March of last year saw us publish the findings of a major study that, among other things, touched on the coronavirus’ effect on business. In “Digital Transformation Investment in 2020 and Beyond: Factors in the Success or Failure of Technology Investments in the Post Pandemic Era” we revealed organizations’ plans to invest in digital transformation technologies in automation, artificial intelligence, Internet of Things and more.
Since then, we’ve continued to analyze the impact of COVID-19 across a range of different sectors: from automotive and aviation to consulting and construction. And, we have summarized what was also one of our first key customer responses to the pandemic: the roll out of our remote assistance product to 200 staff within two weeks.
But this time, we’ve gone into a new level of depth and detail. Based on a global study of more than 1,700 executives and 12,500 consumers, our new report reveals the business opportunities to have emerged in the wake of COVID-19 and how the broad range of respondents have reacted to these opportunities so far. The results may surprise you.
What did we investigate in the study?
At the heart of the study lies our belief that to thrive in today’s climate, shifting to outcome and service-based business models is key. Or, as German Chancellor, Angela Merkel, neatly put it in a 2020 interview with the Financial Times:
“It’s no longer enough to merely sell a product. One also needs to develop new products from the data on these products.”
Businesses need to use this data not just to develop new products, but to launch new services that enable them to extend the relationship with the customer, while simultaneously boosting revenues and enhancing the customer experience.
In the study, we examine how a range of businesses have experienced moving to the service model. The customer experience is key to the new business landscape and we discovered that companies generally do not hold back when investing in customer experience evaluations. But such evaluations are next to useless unless they are acted upon. So, the interesting question is: how successful are companies in addressing the problems they’ve gone to great lengths to identify? And what should a company do if they find they’re struggling with this? In the report, we get to grips with important conundrums such as these.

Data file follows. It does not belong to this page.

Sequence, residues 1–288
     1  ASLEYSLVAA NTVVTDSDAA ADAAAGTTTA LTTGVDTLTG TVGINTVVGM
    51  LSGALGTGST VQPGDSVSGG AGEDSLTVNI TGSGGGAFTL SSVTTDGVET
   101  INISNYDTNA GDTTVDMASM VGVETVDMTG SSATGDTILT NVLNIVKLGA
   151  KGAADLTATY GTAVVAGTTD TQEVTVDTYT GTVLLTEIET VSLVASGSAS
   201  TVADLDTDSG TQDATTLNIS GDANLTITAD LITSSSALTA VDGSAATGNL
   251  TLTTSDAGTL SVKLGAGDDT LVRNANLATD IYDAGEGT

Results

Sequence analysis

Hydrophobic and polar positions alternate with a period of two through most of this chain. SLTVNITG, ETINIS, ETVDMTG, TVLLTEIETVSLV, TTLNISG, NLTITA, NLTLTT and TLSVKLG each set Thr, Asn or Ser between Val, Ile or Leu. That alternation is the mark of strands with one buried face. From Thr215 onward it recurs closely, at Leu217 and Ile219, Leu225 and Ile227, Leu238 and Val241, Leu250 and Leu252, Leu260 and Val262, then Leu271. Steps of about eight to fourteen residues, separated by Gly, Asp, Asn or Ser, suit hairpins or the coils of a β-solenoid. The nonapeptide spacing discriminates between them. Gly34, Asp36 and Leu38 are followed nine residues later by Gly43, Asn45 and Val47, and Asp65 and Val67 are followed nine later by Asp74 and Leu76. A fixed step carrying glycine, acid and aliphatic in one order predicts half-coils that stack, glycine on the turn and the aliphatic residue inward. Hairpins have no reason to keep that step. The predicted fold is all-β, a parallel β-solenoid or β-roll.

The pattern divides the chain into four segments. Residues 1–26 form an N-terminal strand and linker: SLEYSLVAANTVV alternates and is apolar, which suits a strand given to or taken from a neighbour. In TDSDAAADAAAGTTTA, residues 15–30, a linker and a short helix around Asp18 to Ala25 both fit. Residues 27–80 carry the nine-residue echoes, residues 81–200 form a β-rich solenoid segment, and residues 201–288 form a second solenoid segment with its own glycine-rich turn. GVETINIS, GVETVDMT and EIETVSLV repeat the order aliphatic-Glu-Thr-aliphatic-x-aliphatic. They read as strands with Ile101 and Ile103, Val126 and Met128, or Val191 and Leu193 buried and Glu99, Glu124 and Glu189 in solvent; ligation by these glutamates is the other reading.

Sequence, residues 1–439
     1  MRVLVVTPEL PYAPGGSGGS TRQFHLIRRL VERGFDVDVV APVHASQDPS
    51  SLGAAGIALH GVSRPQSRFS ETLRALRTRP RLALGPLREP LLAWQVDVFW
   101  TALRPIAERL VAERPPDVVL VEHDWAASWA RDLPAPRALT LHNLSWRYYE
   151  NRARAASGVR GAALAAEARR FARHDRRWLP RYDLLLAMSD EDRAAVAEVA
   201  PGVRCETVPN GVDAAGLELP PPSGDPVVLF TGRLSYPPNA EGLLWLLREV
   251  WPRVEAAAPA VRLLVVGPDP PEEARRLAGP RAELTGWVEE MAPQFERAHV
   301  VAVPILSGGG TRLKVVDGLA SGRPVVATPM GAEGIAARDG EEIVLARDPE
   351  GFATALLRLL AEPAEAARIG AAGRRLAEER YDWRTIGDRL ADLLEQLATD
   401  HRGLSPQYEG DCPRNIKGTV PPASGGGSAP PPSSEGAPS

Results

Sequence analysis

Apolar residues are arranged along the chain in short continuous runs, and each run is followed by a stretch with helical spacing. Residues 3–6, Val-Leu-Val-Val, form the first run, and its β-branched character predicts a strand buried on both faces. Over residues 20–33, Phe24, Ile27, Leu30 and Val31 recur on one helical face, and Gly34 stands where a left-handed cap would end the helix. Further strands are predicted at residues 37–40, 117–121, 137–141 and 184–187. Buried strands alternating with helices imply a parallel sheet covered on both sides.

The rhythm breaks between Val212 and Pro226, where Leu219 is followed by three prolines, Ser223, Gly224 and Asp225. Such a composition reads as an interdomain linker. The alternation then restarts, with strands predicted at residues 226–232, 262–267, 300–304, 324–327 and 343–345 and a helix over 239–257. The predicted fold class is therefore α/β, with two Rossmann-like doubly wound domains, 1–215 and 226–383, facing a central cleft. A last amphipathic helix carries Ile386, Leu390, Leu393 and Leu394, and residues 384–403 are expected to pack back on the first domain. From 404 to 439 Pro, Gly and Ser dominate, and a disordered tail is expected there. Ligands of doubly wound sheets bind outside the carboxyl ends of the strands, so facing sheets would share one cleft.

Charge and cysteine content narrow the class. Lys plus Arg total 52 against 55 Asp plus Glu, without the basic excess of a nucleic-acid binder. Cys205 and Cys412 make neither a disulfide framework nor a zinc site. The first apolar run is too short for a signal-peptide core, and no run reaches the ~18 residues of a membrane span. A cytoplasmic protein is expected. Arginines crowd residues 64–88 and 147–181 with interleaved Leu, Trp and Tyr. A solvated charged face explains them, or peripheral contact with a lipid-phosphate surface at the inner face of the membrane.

Most would agree that any serious attempt to improve service delivery will look at the entire value chain of a company: from sourcing materials and packaging a product to delivering it to the customer. This is because it’s when everything that goes on in your organization—the myriad decisions, processes, and people—comes together successfully that customers are enjoying the best of your business. The various inflection points that contribute to these moments of service are critical to business success. Our working hypothesis before the study was that problems with these inflection points are all too frequently ignored. The report reveals the extent to which we found this to be true and some of the steps that can be taken.
Our CEO, Darren Roos recently noted:
“The past year has been a time of reckoning for businesses. In the wake of unprecedented turbulence, companies across the world have accelerated transformation strategies and developed new business models. But as enterprises look to the future, they must evolve further to meet new customer demands. Business models focused on products are no longer fit for the digital economy. Instead, organizations need to shift to selling outcomes and services.”
This post has provided a brief snapshot of our investigation into that phenomenon. In the full report, we dive further into results of the study and suggest measures that businesses can take to adapt and thrive in these turbulent times.
To learn more, download the full report today.